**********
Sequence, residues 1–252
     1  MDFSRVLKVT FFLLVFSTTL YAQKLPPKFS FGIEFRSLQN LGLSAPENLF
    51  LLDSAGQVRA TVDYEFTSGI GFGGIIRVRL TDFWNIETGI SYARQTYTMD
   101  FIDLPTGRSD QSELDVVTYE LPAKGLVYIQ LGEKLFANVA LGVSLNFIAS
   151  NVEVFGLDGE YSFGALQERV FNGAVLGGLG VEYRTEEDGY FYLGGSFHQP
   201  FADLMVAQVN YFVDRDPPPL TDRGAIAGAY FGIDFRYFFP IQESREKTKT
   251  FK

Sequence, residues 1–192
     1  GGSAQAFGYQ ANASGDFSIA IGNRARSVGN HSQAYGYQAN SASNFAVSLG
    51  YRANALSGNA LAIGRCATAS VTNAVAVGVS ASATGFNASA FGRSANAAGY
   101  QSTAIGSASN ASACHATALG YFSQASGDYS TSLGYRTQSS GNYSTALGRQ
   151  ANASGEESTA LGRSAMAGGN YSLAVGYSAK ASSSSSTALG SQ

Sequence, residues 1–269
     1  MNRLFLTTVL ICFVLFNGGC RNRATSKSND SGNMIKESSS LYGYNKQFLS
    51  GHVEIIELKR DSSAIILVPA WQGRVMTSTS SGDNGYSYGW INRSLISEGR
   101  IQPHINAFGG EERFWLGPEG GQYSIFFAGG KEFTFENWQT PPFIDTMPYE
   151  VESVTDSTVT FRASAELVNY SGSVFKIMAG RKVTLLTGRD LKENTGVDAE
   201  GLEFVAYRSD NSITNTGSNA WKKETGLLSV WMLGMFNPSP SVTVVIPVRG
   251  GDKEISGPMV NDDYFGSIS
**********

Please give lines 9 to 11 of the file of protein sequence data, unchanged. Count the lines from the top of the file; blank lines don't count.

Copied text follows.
     1  GGSAQAFGYQ ANASGDFSIA IGNRARSVGN HSQAYGYQAN SASNFAVSLG
    51  YRANALSGNA LAIGRCATAS VTNAVAVGVS ASATGFNASA FGRSANAAGY
   101  QSTAIGSASN ASACHATALG YFSQASGDYS TSLGYRTQSS GNYSTALGRQ